Bill Proposed to End California’s Sanctuary Law After Church Shooting

Bill Proposed to End California’s Sanctuary Law After Church Shooting
A U.S. Immigration and Customs Enforcement agent stands in Hawthorne, Calif., on March 1, 2020. (Lucy Nicholson/Reuters)
Vanessa Serna

After a recent shooting spree rocked Sacramento as an undocumented immigrant opened fire on his three daughters and their chaperone in a church, Assemblyman Kevin Kiley (R-Rocklin) announced a proposal to repeal California’s Sanctuary State Law.

“The impacts of this law have been devastating and tragic,” Kiley told The Epoch Times.

Kiley introduced Assembly Bill 1708 on March 21 following the tragedy of 39-year-old David Mora killing his daughters before pulling the trigger on himself on Feb. 28.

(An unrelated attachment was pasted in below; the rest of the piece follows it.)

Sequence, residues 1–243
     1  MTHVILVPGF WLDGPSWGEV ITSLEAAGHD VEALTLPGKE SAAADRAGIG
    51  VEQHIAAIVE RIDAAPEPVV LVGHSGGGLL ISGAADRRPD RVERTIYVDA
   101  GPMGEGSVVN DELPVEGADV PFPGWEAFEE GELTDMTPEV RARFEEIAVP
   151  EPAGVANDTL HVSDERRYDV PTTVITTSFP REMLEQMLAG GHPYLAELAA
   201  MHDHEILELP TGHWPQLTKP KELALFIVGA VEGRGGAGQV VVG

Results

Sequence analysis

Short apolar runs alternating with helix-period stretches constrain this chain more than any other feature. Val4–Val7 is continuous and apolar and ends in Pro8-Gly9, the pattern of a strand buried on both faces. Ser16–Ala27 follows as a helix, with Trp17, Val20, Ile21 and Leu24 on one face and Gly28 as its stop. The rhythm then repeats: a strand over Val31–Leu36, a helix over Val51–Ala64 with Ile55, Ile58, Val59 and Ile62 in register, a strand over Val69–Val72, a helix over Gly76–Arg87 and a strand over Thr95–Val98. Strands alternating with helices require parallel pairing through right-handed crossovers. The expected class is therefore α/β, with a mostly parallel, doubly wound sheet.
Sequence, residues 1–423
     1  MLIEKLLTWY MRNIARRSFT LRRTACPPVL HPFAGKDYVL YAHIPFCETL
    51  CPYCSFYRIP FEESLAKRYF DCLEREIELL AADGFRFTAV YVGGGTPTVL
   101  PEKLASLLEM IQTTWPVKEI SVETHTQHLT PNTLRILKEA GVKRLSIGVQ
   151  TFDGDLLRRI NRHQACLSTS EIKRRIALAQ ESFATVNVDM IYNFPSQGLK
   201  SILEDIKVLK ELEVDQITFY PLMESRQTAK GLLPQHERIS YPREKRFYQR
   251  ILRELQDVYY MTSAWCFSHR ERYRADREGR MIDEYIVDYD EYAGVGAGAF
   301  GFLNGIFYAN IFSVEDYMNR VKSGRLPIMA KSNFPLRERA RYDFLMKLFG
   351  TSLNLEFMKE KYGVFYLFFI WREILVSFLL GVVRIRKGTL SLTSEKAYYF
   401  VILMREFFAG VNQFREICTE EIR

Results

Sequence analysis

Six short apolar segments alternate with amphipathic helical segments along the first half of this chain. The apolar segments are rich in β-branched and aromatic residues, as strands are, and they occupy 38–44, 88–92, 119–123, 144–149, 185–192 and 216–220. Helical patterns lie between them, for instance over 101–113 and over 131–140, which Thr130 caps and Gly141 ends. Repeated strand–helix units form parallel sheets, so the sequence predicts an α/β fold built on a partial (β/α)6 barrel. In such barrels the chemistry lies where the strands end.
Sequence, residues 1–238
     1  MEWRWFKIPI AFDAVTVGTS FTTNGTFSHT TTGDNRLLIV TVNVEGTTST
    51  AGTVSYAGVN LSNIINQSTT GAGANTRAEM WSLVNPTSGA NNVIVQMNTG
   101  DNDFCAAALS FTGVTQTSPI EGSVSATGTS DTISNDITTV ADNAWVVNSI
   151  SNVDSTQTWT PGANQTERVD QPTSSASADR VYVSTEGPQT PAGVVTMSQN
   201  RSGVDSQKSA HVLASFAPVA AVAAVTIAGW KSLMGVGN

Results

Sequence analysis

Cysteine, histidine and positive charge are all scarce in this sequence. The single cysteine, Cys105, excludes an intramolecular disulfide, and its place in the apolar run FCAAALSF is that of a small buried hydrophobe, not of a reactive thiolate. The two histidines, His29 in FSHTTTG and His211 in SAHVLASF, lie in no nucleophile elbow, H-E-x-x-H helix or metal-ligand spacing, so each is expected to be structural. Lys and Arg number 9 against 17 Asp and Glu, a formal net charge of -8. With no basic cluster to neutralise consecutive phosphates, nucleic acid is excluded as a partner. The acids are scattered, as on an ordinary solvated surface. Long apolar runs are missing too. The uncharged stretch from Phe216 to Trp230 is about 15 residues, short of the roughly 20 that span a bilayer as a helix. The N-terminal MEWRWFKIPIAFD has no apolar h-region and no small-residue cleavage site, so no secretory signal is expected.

The sanctuary law, Senate Bill 54, was passed in 2017 to make California a sanctuary state and prevent law enforcement's ability to contact the U.S. Immigration and Customs Enforcement (ICE) about the release of undocumented immigrants from jail.

A week before the shooting, Mora was arrested for assaulting a police officer, according to Kiley. However, the sanctuary law prevented local law enforcement officers from informing ICE, a federal agency, about the illegal immigrant’s release date for deportation.

Kiley blames the enforced law for the death of Mora’s three daughters which he said would have otherwise been prevented.

“This unspeakable tragedy was avoidable,” Kiley wrote on Twitter on March 5, urging lawmakers to end the Sanctuary Law immediately.

Senate Bill 54 was intended to protect only criminals, Kiley said. He further called for bipartisan support to protect the public safety of all Californians.

The bill to repeal the Sanctuary State Law will likely be heard this spring.